Popemobile Rides Victorious over Protestant Pedestrian?

This is the strangest blog post that I’ve written in at least a month:

In the context of the Holy Father’s visit to Scotland, it was recently announced that an actor had been hired by the Catholic Church to portray the bearded John Knox who would then parade before the Popemobile.

Just in case you nodded off in class while your history teacher covered the Scottish Reformation, John Knox was a 16th century Catholic priest who became the chief Protestant ‘reformer’ in Scotland and fomented the abolition of the Holy Sacrifice of the Mass in 1560. Subsequently, stained glass windows were smashed out and churches were white-washed so as to avoid any other forms of “idolatry.” Knox is considered the father and founder of Scottish, English, and American Presbyterianism.

Ex-Priest John Knox

Knox, a great polemicist against the papacy, is rolling in his grave, I’m sure. Knox’s well-known hatred for the papacy and this recent “Knox actor” announcement raises a question: Is this a misguided attempt at saccharine ecumenism on the part of Rome or is it a tongue-in-cheek mockery of the Protestantism of Scotland in the person of Knox? Maybe it’s a little of both. Let me explain:

A) Either, Catholics in Scotland are trying to be “inclusive” in a predominately Protestant nation and so they’re giving John Knox (er…an actor dressed like John Knox) a place in the show.

B) Or, this is making a mockery of John Knox. Remember, John Knox had been a duly ordained Roman Catholic priest before he became a Protestant. Hence, Knox is a disgraced child of the Church of Rome.

Any theologically informed Catholic knows that Knox is a priest-turned-Protestant who banned the Catholic Mass from Scotland. Having a likeness of him march before the Popemobile reminds one of how vanquished enemies of the Roman Caesars were required to march in humility in front of the chariot of the emperor. It’s like the Pope comes to Scotland and rides victorious over the enemy. At last, Knox’s Protestantism is vanquished and the nation once again receives the Bishop of Rome.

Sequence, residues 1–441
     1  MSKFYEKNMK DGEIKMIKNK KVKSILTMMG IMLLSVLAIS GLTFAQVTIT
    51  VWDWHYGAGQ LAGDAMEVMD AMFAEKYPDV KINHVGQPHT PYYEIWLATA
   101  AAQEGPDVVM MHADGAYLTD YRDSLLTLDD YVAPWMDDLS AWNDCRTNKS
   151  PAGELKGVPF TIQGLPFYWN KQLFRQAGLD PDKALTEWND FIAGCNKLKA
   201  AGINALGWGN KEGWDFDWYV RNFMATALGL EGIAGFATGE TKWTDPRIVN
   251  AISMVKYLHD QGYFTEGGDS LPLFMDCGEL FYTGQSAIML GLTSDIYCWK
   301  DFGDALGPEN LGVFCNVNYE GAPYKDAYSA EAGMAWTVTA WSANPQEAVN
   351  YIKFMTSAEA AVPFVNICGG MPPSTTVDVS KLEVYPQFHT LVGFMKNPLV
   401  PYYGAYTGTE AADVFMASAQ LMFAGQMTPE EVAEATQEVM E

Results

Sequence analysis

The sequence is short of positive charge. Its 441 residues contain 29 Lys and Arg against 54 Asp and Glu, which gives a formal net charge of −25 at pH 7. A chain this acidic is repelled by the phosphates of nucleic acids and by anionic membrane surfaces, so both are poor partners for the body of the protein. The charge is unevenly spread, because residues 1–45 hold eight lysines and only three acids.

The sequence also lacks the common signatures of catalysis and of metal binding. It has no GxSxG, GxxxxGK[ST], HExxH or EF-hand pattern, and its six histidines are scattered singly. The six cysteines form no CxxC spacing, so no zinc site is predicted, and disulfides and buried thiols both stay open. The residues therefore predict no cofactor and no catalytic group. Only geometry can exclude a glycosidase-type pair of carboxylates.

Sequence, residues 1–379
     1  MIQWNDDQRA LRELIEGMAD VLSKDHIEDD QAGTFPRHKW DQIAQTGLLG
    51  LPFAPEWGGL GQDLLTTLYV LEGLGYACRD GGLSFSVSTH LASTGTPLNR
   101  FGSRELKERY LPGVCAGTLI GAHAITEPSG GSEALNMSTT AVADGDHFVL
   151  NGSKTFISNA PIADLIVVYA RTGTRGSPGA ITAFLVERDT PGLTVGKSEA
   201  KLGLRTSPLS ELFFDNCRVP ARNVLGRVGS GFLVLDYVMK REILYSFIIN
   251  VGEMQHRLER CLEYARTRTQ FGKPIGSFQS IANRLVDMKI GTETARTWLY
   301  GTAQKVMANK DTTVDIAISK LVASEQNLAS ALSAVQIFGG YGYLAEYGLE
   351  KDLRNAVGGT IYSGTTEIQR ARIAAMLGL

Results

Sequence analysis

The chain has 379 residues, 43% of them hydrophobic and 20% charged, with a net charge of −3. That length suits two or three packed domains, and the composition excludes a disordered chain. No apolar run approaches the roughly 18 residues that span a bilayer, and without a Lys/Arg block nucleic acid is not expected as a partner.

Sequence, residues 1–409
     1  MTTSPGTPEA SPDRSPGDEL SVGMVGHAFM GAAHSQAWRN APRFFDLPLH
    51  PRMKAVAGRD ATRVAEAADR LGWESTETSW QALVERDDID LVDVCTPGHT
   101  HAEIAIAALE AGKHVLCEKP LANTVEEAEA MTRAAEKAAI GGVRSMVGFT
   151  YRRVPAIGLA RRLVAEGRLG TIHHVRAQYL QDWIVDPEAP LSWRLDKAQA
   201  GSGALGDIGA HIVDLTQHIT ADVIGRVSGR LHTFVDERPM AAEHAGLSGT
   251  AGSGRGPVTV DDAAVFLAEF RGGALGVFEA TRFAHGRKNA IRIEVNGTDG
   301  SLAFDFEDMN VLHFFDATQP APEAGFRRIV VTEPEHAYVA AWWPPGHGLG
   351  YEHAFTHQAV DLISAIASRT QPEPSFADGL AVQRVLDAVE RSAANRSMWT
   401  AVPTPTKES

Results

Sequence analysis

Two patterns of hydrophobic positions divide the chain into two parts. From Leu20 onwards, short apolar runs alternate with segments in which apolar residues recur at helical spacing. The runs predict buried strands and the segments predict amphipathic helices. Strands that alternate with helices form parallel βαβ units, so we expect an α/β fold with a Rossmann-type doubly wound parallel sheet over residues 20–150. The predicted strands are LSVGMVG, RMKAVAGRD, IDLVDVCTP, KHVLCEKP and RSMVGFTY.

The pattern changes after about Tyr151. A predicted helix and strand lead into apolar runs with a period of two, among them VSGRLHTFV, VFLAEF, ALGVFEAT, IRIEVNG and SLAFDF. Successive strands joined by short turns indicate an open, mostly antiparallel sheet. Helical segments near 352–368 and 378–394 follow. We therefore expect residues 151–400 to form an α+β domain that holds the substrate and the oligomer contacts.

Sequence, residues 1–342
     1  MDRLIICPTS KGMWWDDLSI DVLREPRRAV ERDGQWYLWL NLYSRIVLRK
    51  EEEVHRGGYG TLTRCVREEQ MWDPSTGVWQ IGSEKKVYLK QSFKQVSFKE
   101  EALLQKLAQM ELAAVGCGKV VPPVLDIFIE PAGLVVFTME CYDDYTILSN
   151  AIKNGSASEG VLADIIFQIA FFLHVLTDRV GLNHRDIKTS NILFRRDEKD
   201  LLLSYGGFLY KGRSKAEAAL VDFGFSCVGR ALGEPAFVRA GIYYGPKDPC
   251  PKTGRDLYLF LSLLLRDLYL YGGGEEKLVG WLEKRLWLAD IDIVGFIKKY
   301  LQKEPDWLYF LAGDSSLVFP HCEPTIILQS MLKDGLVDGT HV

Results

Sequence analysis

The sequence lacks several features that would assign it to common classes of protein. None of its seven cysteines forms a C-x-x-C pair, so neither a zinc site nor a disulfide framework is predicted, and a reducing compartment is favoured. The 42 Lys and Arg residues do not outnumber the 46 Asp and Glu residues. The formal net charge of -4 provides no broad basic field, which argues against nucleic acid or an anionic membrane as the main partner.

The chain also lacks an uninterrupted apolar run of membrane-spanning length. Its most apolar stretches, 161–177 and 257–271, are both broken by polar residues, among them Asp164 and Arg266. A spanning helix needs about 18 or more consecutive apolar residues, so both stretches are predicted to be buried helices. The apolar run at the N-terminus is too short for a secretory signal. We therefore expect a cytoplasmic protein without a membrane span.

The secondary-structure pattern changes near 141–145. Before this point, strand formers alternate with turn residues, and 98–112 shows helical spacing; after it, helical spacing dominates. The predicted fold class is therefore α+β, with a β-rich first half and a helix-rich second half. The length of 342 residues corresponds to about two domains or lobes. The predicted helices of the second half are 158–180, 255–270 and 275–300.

Surely, none of the planners of the event are aware of the irony or they would not let it go on. However, I wonder if Benedict will be grinning as watches Knox skip before him as he rides victorious in the popemobile…

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  • Matthew McGuire

    I appreciate your point, but wish the Pope was being carried in triumph on a well-decorated elephant instead of that funny jeep.

  • steve dalton

    And “John Knox” can be behind the elephant with a poop scoop!

  • Matthew

    You know, I am sure I read a few years back that the Catholic Population via Conversion & immigration, had overtaken the Protestants. I hope so.

  • Elizabeth

    What are they thinking??  Are they trying to offend the presbyterians??  It just doesn’t seem right somehow in the context of a papal visit.

  • Nigel

    Taylor, Do you believe John Knox was right with God?

    In fact it might be an interesting exercise try to lay out the grounds on which Benedict thinks he is right with God and compare and contrast with the the views of Knox.

  • Jay

    Technically, Knox was an apostate priest. Assuming that his original ordination was not irregular, his orders are indelible even aside from being barred by his bishop from exercising that office. 

    As for Pope Benedict triumphing over Knox, if only that were the case. Catholicism and Protestantism are not exactly flourishing in Scotland today. About 42% of Scots affiliate with the Church of Scotland and 16% with Rome (2005 figures). The number who actively participate in the sacraments and attending services is substantially lower. If Catholics have overtaken Protestants on Sunday in Scotland, it’s importantly because the latter is crashing.

    I imagine that Pope Benedict, who is steeped in classical moral theology, cares more about whether his visit encourages (i) a sustained increase in baptisms and communication in parish churches and (ii) Scottish Catholics actively telling and displaying to their fellow Scots that Jesus Christ is good news. That’s the kind of triumph that is consistent with evangelical humility. Focusing on humiliating a long-dead Protestant preacher strikes me as vainglorious.